The British ban irons out some of those concerns, excluding the more stable countries (which also excludes the airlines with strong commercial links to the UK, such as Etihad and Emirates) and including some which have links to the Syrian civil war and those with recent ISIS activity, such as Tunisia which was the site of a mass shooting by ISIS operatives a couple of years ago, and whose political stability is not guaranteed, particularly if the present government attempts to ban the Islamist opposition or return to the conditions of the Bourguiba/Ben Ali régime. It makes more sense as an anti-terrorist measure, but Britain has a habit of both following the US in stupid policy and making laws that target specific populations but affect everyone — the overseas marriage bar for low-income British citizens, targeted at low-income Pakistanis, for example, but which provokes protest only when middle-class whites find that they cannot bring a spouse from the US or Singapore either. The UK, being as it is in the process of cutting itself off from the trading bloc it currently belongs to, needs to appear to be on the Americans’ side, so its participation, even on different terms, does not lend this as much credibility as if other European or Western nations had also followed suit, which so far they have not.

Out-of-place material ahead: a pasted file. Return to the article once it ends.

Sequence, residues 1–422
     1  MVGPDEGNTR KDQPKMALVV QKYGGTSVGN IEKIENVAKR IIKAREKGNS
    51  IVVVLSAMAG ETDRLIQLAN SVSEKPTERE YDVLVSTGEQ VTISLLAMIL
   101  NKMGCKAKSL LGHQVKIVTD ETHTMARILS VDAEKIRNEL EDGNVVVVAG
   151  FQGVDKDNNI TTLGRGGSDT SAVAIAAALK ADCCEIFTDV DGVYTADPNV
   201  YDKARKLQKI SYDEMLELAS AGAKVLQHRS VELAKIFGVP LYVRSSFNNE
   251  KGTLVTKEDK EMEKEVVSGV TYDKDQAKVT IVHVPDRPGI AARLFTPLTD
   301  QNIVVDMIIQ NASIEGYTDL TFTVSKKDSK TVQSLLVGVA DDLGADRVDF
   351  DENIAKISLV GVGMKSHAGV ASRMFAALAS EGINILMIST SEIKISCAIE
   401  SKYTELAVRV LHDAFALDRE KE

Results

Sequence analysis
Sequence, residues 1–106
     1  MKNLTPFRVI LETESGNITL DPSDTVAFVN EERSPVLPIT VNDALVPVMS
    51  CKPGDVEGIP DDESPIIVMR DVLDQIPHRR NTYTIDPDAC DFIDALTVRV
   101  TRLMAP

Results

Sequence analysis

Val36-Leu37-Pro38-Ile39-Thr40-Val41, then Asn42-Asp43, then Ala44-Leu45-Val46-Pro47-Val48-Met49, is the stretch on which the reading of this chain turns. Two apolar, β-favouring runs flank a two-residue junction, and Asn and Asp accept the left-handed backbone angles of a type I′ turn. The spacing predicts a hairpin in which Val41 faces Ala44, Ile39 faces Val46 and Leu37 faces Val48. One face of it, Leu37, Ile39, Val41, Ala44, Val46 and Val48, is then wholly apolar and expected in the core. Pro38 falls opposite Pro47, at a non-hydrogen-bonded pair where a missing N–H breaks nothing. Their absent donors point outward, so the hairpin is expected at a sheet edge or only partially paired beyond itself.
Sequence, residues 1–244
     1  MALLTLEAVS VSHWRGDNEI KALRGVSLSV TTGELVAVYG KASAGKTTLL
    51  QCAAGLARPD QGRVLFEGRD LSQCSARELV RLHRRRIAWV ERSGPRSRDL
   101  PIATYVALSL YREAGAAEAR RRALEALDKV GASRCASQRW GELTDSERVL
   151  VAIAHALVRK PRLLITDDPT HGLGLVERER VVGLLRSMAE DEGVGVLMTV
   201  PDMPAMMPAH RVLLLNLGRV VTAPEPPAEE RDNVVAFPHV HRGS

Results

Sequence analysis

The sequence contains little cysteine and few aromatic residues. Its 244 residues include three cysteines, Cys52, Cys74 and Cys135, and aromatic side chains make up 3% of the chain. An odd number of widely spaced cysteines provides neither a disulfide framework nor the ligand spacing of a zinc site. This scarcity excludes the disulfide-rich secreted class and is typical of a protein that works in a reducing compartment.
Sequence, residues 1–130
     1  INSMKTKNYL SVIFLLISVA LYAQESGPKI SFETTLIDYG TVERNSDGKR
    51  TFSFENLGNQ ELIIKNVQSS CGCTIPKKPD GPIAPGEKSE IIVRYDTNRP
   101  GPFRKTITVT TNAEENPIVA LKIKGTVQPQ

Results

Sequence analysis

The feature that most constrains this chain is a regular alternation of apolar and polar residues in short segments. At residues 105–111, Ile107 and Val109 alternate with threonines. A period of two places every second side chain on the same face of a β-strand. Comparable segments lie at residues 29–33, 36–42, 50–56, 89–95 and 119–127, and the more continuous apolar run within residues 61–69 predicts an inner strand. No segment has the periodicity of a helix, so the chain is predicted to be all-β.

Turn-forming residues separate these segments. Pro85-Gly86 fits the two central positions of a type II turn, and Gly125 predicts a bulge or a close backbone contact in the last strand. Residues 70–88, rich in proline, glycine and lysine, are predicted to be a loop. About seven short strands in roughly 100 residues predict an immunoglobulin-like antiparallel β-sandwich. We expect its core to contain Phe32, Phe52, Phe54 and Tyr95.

According to ABC, the new rules supposedly follow credible intelligence that “ISIS associates were working on smuggling explosives-laden electronics onto U.S.-bound flights”. Yet it does not explain why only locally-based airlines were targeted and not US carriers; surely, the same security procedures apply for all passengers at the same airport. If this really is the reason, it demonstrates that Trump and his team are spectacularly incompetent, putting passengers’ lives at risk by treating American commercial interests as if they were more important. We should watch how the US carriers respond; if they believe that the terrorist threat is real, they should introduce similar bans of their own; if they do not, we will know that the ‘intelligence’ does not exist and that the ban is motivated by Trump’s desire to privilege large American companies and to break links between American Muslim families and their relatives in the Arab world.